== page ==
When I think about my time in Nepal, I think about movement. Cars and motorbikes hurtling past me, the winding roads on the road from Kathmandu to Pokhara, Tibetan prayer flags fluttering in the breeze, birds swirling in flight around the eaves of temples and palaces.

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Durbar Square, Kathmandu, Nepal

As a traveler, Nepal was hard for me. I struggled with confronting poverty in Kathmandu, a region still recovering from the earthquake that killed thousands of people in 2015.  I didn’t know what to do with my own economic, white, and American privilege in Bhaktapur. I got sick in Pokhara and was grappling with grief.

There were many bright spots, of course, including hospitable hotel owners who shared their stories and their vodka with me, fellow travelers who wandered the city streets with me talking about feminist theory, and raucous street performers that enlivened squares during the holidays.

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Colorful rangoli decorated home and business entrances during Tihar, the Festival of Lights — Boudhha, Kathmandu, Nepal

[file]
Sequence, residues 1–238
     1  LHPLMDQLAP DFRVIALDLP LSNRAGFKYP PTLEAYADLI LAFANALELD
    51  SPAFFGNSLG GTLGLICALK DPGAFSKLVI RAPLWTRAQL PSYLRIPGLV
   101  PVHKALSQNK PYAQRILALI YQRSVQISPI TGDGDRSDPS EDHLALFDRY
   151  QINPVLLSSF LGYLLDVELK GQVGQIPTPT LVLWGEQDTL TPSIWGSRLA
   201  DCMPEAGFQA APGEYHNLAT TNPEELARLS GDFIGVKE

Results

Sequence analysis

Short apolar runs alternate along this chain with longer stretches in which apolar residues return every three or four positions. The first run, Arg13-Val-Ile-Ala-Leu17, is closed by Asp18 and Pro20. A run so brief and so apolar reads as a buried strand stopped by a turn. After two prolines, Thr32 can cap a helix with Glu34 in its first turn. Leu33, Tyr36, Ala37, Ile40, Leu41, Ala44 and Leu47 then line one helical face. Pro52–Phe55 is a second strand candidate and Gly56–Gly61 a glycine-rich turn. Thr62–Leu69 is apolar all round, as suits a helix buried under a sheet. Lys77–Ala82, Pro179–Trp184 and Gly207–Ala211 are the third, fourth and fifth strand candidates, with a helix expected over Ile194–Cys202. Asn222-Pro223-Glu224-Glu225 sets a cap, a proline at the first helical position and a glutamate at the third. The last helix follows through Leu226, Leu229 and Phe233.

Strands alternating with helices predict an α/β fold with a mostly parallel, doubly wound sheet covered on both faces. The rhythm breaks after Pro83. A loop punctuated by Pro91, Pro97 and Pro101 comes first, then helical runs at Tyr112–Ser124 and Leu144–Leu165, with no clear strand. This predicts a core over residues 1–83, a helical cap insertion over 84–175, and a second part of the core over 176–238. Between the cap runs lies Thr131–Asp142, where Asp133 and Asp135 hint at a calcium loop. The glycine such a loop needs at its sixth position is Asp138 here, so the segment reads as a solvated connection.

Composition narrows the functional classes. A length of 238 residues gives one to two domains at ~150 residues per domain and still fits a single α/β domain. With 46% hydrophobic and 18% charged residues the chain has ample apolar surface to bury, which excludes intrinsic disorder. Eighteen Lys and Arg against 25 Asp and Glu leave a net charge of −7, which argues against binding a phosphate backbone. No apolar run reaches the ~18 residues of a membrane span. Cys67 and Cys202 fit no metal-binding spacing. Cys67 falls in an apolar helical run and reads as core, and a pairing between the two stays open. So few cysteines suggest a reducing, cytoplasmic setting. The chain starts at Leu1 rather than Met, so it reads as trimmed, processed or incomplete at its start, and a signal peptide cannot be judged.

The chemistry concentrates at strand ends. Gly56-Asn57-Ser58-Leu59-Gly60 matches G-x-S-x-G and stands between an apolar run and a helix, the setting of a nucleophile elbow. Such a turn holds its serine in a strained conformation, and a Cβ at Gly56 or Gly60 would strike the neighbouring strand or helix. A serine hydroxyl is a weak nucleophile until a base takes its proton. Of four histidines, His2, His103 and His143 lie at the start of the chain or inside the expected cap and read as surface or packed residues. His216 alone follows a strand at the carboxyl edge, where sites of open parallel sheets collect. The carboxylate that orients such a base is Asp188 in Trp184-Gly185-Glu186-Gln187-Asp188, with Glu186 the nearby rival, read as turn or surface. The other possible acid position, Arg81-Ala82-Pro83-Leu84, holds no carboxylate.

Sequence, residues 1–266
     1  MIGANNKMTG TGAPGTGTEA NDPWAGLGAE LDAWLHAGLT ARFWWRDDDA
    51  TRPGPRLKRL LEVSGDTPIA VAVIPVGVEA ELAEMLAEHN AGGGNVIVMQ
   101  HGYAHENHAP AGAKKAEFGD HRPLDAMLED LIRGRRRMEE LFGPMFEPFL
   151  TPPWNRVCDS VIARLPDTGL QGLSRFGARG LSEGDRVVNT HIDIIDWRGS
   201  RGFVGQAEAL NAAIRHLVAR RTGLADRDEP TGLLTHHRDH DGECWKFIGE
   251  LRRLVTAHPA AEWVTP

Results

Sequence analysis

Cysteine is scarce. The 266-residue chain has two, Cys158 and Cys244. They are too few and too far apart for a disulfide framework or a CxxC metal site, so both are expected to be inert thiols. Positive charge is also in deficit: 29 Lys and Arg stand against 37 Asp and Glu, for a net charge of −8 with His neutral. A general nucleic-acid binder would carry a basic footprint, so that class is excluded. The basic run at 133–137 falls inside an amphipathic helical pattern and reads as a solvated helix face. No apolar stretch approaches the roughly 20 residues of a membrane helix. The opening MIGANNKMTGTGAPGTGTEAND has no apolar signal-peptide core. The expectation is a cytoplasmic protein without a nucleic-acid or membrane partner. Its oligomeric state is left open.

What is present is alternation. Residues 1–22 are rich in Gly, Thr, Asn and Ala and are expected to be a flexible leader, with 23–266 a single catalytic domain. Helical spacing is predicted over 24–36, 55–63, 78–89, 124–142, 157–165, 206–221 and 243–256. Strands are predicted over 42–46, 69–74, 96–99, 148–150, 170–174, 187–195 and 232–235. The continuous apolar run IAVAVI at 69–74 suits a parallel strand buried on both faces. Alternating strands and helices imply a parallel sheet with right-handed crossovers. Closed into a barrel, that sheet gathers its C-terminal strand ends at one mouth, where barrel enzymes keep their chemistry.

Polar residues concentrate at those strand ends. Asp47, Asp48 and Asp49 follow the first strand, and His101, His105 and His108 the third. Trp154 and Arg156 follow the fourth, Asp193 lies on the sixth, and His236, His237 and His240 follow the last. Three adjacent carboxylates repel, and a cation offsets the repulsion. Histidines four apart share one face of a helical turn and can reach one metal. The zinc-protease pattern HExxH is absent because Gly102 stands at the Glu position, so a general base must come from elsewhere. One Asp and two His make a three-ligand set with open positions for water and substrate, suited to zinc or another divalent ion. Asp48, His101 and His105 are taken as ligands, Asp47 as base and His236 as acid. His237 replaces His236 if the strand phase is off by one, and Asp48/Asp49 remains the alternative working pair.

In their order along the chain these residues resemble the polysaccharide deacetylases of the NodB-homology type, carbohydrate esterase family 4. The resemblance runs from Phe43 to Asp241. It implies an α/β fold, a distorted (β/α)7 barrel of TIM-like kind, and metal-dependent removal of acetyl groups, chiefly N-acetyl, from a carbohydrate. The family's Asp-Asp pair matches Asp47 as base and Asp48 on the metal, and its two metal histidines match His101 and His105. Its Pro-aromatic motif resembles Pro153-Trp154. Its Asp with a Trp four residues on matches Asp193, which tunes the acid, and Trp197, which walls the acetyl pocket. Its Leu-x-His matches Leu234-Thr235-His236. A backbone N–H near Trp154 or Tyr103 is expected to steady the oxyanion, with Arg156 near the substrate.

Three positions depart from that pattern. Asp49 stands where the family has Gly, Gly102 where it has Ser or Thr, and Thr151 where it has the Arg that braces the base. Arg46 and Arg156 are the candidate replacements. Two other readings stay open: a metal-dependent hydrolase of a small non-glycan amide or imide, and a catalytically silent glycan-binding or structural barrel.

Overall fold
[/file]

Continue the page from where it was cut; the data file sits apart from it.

I hold all of these impressions in my hands at the same time, but when I look back on photos of my month there, I can’t help but be awed. I knew even while I was taking those pictures that I wouldn’t appreciate the beautiful complexity of the place until long after I’d left. Continue reading “Eyeing the Divine: Photos from Nepal”

A Grief Remembered

“After the first death, there is no other.” –Dylan Thomas

It was Pokhara that broke me.

I was overwhelmed by Kathmandu and struggled to process my experiences in Bhaktapur. So, after I applied for a meditation course in Lumbini and they told me they were full, I hopped on a bus last November and headed to Pokhara, a small city on a big lake nestled in the foothills of the Himalayas.